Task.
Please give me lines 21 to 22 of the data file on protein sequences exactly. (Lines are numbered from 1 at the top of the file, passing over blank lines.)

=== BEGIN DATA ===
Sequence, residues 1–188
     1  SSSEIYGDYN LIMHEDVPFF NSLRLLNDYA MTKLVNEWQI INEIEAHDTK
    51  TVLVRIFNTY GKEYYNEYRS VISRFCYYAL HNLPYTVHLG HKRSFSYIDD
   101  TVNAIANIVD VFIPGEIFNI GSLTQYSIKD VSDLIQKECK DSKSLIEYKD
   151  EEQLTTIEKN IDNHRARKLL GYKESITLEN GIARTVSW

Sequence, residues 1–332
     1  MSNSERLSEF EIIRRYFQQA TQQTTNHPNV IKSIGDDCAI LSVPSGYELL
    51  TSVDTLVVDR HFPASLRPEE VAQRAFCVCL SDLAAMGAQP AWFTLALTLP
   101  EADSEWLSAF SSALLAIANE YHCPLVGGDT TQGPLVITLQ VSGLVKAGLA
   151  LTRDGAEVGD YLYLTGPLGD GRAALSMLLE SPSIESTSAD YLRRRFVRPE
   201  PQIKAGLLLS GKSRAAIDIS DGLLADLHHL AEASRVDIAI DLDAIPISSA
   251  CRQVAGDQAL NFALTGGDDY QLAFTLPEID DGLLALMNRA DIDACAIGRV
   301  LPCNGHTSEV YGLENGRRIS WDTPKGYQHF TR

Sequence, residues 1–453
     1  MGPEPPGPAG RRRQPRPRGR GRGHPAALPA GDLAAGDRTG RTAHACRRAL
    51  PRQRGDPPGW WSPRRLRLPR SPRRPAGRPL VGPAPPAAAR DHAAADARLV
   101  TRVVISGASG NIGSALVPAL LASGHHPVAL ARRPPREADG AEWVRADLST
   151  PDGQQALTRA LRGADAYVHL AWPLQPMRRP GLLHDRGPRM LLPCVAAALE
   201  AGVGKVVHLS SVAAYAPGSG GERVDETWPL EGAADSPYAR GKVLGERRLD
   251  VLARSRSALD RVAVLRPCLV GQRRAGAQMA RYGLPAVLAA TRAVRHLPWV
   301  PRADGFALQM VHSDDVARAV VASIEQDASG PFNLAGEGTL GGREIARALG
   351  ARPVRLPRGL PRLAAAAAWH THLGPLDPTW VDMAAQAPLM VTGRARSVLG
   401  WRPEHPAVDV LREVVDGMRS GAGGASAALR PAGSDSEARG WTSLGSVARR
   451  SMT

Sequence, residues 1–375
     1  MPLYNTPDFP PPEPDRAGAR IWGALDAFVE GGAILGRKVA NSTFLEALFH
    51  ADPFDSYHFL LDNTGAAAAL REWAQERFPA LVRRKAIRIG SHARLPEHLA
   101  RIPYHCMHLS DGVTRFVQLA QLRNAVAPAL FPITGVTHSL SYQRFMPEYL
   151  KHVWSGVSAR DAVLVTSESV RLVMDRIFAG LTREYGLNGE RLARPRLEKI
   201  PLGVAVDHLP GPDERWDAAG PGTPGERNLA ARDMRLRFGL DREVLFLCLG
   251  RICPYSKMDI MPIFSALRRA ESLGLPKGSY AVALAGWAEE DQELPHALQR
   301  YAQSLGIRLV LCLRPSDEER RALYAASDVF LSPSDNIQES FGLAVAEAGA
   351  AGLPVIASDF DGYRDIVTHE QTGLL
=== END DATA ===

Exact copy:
   301  PRADGFALQM VHSDDVARAV VASIEQDASG PFNLAGEGTL GGREIARALG
   351  ARPVRLPRGL PRLAAAAAWH THLGPLDPTW VDMAAQAPLM VTGRARSVLG